This can be done by negotiation between solicitors, or an application to the court for formal orders. Applying for a court order can be a stressful time - we will strive to make this process as painless as possible for you.
When the place of residence of children and contact can be agreed, this can be done informally between the parents or set out in a formal Minute of Agreement - a contract of sorts between parents. The parent with whom children reside, has an obligation to promote and facilitate contact. Parents can also agree a shared care arrangement, where children live with each parent an equal amount of time. Parents should work together in making decisions for the upbringing of the children, and in the children’s best interests.
We recognise, however, that each family situation is different, and there may be reasons why parents are not able to communicate or reach agreement about the arrangements for their children. In these circumstances, court action may be required.
There are a number of orders the court can grant:
The court will consider a number of factors: the age of the child; the routine they are currently in; issues of safety and risk; and, the wishes of the child, if they are old enough to express a view. The paramount consideration for the court is the welfare of the child. Any order made by the court is made in the best interests of the child, not the parent(s).
We understand that court proceedings are not emabarked upon lightly by most parents, and is often a last resort, where attemptes to negotaiate and agree have failed. We routinely appear in the family courts across Scotland and have a wealth of knowledge and experience of family law proceedings: from drafting the court papers, to appearing with you at court hearings. We will work tenaciously and efficiently on your case, and we also offer a sympathetic ear. If you have any concerns relating to the arrangements for your children following separation, or have been served with a court citation in respect of an action raised by the other parent, please contact us for advice.
When parents’ relationships break down this can sometimes result in the breakdown of the relationship between children and their grandparents. If you have had regular and ongoing contact with your grandchild which has suddenly stopped, you should seek urgent advice. In most cases contact can re-commence through negotiation or mediation. In some cases it is appropriate to raise court proceedings.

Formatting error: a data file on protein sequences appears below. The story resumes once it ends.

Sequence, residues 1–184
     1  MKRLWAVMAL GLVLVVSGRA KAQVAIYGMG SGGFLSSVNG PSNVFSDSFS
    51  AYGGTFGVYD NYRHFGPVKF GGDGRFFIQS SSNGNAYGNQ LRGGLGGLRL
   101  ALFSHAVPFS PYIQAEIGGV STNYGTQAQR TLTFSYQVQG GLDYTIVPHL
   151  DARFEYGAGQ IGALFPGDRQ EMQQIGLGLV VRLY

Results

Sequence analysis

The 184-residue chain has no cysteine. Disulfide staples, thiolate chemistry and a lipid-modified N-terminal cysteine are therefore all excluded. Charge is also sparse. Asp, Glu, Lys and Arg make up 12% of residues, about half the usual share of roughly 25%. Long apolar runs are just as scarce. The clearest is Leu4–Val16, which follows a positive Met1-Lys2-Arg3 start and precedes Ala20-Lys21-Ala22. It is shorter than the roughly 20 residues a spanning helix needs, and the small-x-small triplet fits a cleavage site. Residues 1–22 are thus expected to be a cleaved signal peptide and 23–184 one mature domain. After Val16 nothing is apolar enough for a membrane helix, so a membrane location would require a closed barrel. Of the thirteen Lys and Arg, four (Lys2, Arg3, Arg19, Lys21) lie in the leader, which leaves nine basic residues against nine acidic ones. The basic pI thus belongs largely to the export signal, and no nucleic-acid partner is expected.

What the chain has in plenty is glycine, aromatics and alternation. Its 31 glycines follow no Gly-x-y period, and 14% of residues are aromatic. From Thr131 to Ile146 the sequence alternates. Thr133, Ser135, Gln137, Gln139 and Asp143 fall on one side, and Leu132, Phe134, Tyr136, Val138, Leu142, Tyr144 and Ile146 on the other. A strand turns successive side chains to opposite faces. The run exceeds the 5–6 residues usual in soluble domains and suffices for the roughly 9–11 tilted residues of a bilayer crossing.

Parents have a responsibility to:
A child’s biological mother gains parental rights and responsibilities on the birth a the child. Prior to 2006, a father married to the child’s mother also gained parental rights and responsibilities upon the child's birth. Umarried fathers, even if named on the child's birth certificate gained no such rights. This inequality was addressed with the coming into force of the Family Law (Scotland) Act 2006, which provides that all fathers, provided they are named on the child's birth certificate automatically have parental right and responsibilities, regardless of whether they were married to the mother. This only applies, however, to children born after 4th May 2006.
If a father is not named on the birth certificate, a mother can confer parental rights and responsibilities to him, by way of a formal agreement, at any stage. Parental rights and responsibilities can also be conferred by the court.
Third parties, such as grandparents and/or extended family members can apply to the court for parental rights and responsibilities, normally where such family members are caring for a child long term. The grnat of parental rights and responsibilities to a third party does not extinguish the parents’ rights.
The court will only grant an order for parental rights and responsibilities, if it is in the best interests of the child.
Those with parental rights require to make decisions on the upbringing of the child, such as which school they should attend, consent to medical treatment, religious upbringing, contact and residence. If parties cannot agree orders of court may be required.